Thanks for the Memory

Only five boxes and two bags of books were awaiting me Tuesday morning, so people behaved with circumspection over the Memorial Day weekend. Either they read this blog with avidity and attention, or it was just too nice a weekend to spend hauling books.

A few things were mildly Smurfish, as befits Smurf Month, but I am really awaiting the arrival of a stuffed owl. This was promised to us some time ago, and I forgot all about it when I was discussing the possibility of a dead bird section at this year’s fair. We are not clear so far on whether this owl is in fact a former owl in restored condition or a plush toy. I’ll keep you posted.

I spent part of the weekend bringing a new computer up to speed, my previous one having given in to the miscreants who were lying in wait for computers using Windows XP. I did give some brief thought to venting my opinion of the whole operating system and mentioning that with books at least they don’t change the way you turn page every couple of months. But does the world really need another diatribe on the good points of books as opposed to the digital world?

I hope it does, because later in the day, to calm my nerves, I played a few card games on this new computer. I must freely admit an addiction to most of the card games loaded into these machines, and I also admit that it is easier to play just about any game (with the exception of tic-tac-toe or mumblety-peg) on a computer.

But when I was done, the computer popped up a little screen telling me how many games I had played, what percentage I had won, and how many minutes each game took.

THERE’S something a book won’t do. That copy of Ivanhoe will never tell you how many times you started it and gave up at page ten or so. The cover may fall off, but your copy of The Clue in the Old Cloche will NOT keep track of how many times you’ve read it, how many hours you have spent waiting to see if the heroine can get out of the handcuffs before the pressure cooker reaches critical mass, nor even how many times you guessed the wrong identity of the miscreant leaving the threatening letters. They have not yet come up with an edition of Moby Dick which will cheerfully inform you at the end “You understood 11% of what you just read.”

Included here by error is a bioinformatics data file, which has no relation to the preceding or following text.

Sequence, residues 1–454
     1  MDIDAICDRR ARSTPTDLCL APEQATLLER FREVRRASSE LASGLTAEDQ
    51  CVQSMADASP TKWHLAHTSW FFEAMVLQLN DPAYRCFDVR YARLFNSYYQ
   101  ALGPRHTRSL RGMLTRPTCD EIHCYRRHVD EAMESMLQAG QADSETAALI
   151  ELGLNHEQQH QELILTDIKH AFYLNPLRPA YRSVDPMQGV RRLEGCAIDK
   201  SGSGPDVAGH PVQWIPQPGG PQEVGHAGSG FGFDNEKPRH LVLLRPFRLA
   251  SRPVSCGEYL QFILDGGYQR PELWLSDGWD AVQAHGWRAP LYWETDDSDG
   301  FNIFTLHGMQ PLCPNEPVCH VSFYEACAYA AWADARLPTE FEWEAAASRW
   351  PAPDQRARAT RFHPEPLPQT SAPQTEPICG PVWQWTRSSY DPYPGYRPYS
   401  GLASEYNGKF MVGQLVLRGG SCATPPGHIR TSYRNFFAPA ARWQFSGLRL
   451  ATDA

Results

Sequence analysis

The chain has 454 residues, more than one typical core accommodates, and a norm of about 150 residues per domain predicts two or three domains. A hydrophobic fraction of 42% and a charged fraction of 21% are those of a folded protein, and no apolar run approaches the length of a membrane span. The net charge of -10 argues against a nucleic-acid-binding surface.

I know a lot of people who will not go anywhere without some form of computer, but can you really have a lasting relationship with someone so judgmental? You lose points if you click “Undo” so you can go back and put that Jack of Diamonds on the Queen of Spades. A book doesn’t keep score, so you can flip back as often as you like to try to remember whether Brick is the heroine’s fiance and Brock her brother, or vice versa.

Well, yes, there are those at the Book Fair who snicker at you for having left the front endflap at page 27, but I keep telling them that’s not necessarily where you left off. The dustjacket might have started coming off as you put the book in the box, and you just stuck the endflaps back any old how. And that bookmark at page 98 may just mean the book is so good you read it from that page to the end without stopping again.

I hear some of you sniffing that a book is just too low-tech to have much of a memory. Just check out this copy of Mountain Madness, with grease stains from the popcorn on the last eighty pages, the dampened pages where the hero’s dog dies, and the pages folded down during the blizzard when the hero and heroine have to huddle together for warmth. THAT, paprika popover, is a book with memories.

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